Santa Clara Has Done More Than Any Other Bay Area City to Help Its Residents During COVID-19 Pandemic

By Robert Haugh

We’ve been hearing from friends in neighboring cities and it hasn’t been good.

They’ve asked us why their cities haven’t done as much as Santa Clara has done for its residents and businesses during the pandemic.

We compared notes on some of the efforts of cities in the Bay Area. Our conclusion: no other city in the Bay Area has done as much for its residents as Santa Clara. 

The Mayor and Council deserve major kudos for helping Santa Clara Unified schools, local restaurants, and residents.

The City staff doesn’t have official data on all Bay Area cities. But here’s what Lenka Wright, Santa Clara’s Communications Director told us:

“The City’s unique assets alone allow us to go above and beyond what other cities can provide. For example, Silicon Valley Power has allowed us to provide reduced pricing and a policy action of not turning off people’s utilities at the local level.

The City’s strategic action to settle litigation and receive $5,000,000 for housing and transportation allowed us to use $1.5 million for rental assistance. Our partnership with the Santa Clara Convention Center, California’s Great America and Intel allowed for the City to distribute food at the local level before other cities could do so.”

Here’s a list of Santa Clara’s effort to help residents that we’ve printed before. But it’s worth repeating or sharing with anyone who needs help.

  • Small Business Assistance Grant Program — nearly $1.7 million in grants to help Mission City businesses.
  • Emergency Rental Assistance Program — $2.8 million to provide three consecutive months of rent for eligible households based on income levels.
  • Food Distribution Programs for School Children — the City works with the Santa Clara Unified School District and community partners to provide and distribute food.
  • Food Distribution Programs for Seniors — the City’s Senior Nutrition Program has not slowed down since the COVID-19 pandemic.
  • Garbage Rate Relief — the City has set aside increases for six months for Mission City residents.
  • Energy Bill rebate — Silicon Valley Power (SVP) gave all Santa Clara households a one-time, one-month $30 rebate in April.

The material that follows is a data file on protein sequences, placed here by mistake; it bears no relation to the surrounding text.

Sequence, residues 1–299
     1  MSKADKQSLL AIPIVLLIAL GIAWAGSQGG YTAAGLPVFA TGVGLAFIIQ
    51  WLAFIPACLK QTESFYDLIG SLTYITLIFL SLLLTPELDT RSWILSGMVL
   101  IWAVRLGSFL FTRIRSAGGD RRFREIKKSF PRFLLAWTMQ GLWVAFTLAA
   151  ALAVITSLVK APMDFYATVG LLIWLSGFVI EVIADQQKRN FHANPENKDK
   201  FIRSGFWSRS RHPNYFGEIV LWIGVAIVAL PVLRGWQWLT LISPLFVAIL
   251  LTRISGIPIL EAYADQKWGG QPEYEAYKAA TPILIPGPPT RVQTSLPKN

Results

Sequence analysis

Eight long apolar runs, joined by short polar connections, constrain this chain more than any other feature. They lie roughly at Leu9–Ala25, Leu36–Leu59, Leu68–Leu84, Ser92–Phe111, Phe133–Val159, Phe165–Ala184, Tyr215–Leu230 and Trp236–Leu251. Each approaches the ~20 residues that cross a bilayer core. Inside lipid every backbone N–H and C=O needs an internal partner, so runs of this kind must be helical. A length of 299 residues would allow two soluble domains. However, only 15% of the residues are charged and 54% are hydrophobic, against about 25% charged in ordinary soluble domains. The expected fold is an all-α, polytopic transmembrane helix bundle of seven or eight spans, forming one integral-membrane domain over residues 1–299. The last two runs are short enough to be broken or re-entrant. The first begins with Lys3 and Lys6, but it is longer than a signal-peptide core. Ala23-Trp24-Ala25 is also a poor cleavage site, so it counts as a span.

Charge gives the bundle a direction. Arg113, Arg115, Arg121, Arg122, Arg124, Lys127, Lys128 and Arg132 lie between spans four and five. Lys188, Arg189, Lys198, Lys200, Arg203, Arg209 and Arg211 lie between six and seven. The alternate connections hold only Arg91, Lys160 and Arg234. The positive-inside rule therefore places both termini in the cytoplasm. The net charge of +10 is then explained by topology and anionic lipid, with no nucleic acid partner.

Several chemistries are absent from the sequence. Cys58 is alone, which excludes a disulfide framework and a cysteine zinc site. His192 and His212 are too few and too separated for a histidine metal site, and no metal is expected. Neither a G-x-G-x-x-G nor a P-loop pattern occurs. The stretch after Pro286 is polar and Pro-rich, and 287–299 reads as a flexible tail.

• Energy Efficiency Grants — SVP is also offering businesses up to $10,000 to fund energy efficiency. It could be used to help make changes required by social distancing or other pandemic-related rules.
  • Food Delivery Fees — are now limited to help local restaurants. Some businesses said it was hurting their pandemic business. The Council approved an emergency ordinance that caps fees at 15 percent. Third-party food delivery services like Uber Eats, Postmates and Door Dash can’t charge Santa Clara restaurants more than that.

One comment

  1. Every spring and fall, millions of California residents receive credits on their electric and natural gas bills identified as the “California Climate Credit.” https://www.cpuc.ca.gov/ClimateCredit/

    Usually, these credits are distributed twice a year, in April and October. Most residents receive a natural gas credit in April, and electric credits in April and October. For 2020, in order to mitigate the effects of increased residential electric bills that are likely to result due to the Governor’s March 19, 2020 stay-at-home order and provide residential customers increased opportunity to invest in energy-savings products. CPUC has directed PG&E, SCE, and Pacific Power to split their October Climate Credit in half and distribute each half to their customers earlier in the Spring and Summer of 2020.

    PG&E’s Climate Credit was $35.73 in April and $17.87 in May and $17.86 in June.

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